Cellular and molecular mechanisms of asymmetric stem cell division II
Third-party funded project
Project title Cellular and molecular mechanisms of asymmetric stem cell division II
Principal Investigator(s) Cabernard, Clemens
Organisation / Research unit Departement Biozentrum / Growth and Development (Cabernard)
Project start 01.08.2015
Probable end 31.07.2017
Status Completed
Abstract

Asymmetric cell division (ACD) generates cellular diversity. Stem and progenitor cells in
particular utilize ACD to self-renew the stem/progenitor cell while also forming
differentiated siblings. In order to fully exploit the potential of stem cells for future
therapeutic approaches, it is absolutely necessary to reach an in-depth understanding
of basic stem cell biology. Many diseases such as breast cancer susceptibility, acute
promyelocytic leukemia, the initiation of colon cancer but also the neurodevelopmental
disorders like microcephaly are due to defective asymmetric cell division. Thus,
understanding the basic biology of ACD will improve our knowledge of asymmetric
stem cell division during development and disease.
We are using Drosophila neural stem cells called neuroblasts, the precursors of the fly
central nervous system to study stem cell biology in general and asymmetric cell
division in particular. We are focusing on the following three main topics relevant to
asymmetric stem cell divisions: (1) centrosome asymmetry, (2) Myosin dynamics and
cleavage furrow positioning and (3) biophysical mechanisms involved in asymmetric
cell division. Neuroblasts are polarized cells and divide in a stem cell-like fashion,
undergoing repeated self-renewing asymmetric divisions. The mitotic spindle invariably
orients itself along the neuroblast intrinsic apical-basal polarity axis and asymmetric
cleavage furrow positioning results in a physical and molecular asymmetric cell
division, generating a large self-renewed apical neuroblast and a smaller differentiating
basal ganglion mother cell (GMC). Drosophila neuroblasts provide an ideal
experimental system since precise genetic manipulations are possible and superb
imaging properties are available.
My lab has shown that the conserved centriolar component Bld10 (Cep135 in
vertebrates) is required to establish centrosome asymmetry, a requirement for correct
spindle orientation. In addition to Bld10, we isolated several new components involved
in centrosome asymmetry, instrumental in obtaining a thorough molecular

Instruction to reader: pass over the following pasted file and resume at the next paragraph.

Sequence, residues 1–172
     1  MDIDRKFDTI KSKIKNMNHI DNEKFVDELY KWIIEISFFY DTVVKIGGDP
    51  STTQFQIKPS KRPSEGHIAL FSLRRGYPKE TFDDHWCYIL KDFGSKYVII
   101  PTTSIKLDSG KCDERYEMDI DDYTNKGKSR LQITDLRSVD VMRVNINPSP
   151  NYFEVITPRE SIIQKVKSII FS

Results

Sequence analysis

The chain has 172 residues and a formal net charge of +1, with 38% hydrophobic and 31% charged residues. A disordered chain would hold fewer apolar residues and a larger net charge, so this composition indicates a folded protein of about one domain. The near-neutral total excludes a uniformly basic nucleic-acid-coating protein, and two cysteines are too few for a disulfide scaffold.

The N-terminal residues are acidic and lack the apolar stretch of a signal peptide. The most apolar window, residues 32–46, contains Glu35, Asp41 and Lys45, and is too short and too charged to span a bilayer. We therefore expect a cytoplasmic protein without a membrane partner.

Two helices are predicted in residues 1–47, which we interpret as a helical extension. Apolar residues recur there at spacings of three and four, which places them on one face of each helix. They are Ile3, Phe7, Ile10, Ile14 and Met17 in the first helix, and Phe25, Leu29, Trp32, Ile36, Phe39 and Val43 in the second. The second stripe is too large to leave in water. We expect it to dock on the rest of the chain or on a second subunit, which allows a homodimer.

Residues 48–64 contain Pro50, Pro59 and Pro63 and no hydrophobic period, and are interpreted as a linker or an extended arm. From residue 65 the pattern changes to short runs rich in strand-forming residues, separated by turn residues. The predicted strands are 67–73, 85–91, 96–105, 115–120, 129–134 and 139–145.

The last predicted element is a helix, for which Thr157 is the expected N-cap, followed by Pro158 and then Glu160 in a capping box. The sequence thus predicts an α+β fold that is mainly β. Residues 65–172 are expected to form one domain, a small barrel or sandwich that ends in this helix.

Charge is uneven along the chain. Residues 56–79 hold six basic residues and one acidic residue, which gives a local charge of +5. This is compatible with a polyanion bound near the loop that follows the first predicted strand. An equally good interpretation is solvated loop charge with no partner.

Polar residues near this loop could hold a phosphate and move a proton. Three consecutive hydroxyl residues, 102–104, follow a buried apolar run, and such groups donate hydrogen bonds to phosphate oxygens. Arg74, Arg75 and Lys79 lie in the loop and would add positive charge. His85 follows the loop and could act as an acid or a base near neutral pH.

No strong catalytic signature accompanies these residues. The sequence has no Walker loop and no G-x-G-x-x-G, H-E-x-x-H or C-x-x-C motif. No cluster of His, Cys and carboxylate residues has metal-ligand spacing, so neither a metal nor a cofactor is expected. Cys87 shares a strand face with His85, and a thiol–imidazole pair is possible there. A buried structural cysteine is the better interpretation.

understanding of this process. In the future, we will take advantage of this knowledge
to further investigate the function of centrosome asymmetry during development.
We are also studying Myosin dynamics during asymmetric cell division. Recently, I
showed that Drosophila neuroblasts are utilizing a spindle-independent,
polarity-dependent mechanism for cleavage furrow positioning. This pathway,
consisting of the conserved polarity proteins Discs large 1 (Dlg) and Partner of
Inscuteable (Pins; LGN/AGS3 in vertebrates) instructs the asymmetric localization of
Myosin. Controlled cleavage furrow positioning is important for accurate cell fate
determinant segregation and the correct partitioning of chromosomes. Molecular
insight into this polarity-dependent pathway is currently lacking but recent evidence
suggests that other cell types across the animal kingdom also utilize
spindle-independent furrowing mechanisms. We have developed photoconversion
assays to study the dynamics of Myosin during ACD and also identified Protein Kinase
N as a putative effector in the polarity-dependent pathway. Furthermore, in a forward
genetic RNAi based live imaging screen, we found several additional candidates,
required for correct cleavage furrow positioning. We also implemented novel assays
and tools, such as atomic force microscopy (AFM) on isolated Drosophila neuroblasts,
to measure biophysical forces underlying ACD. However, future studies will be required
to learn more about the cellular, molecular and biophysical mechanisms underlying
cleavage furrow positioning.
Based on these findings and achievements, we will continue to use Drosophila larval
neuroblasts to pursue the following main aims:

Aim 1: we will investigate the mechanism and function of centrosome asymmetry during asymmetric cell division.
Aim 2: we will investigate cellular, molecular and biophysical mechanisms involved in
cleavage furrow positioning and the establishing of physical asymmetry.

Financed by Swiss National Science Foundation (SNSF)
   

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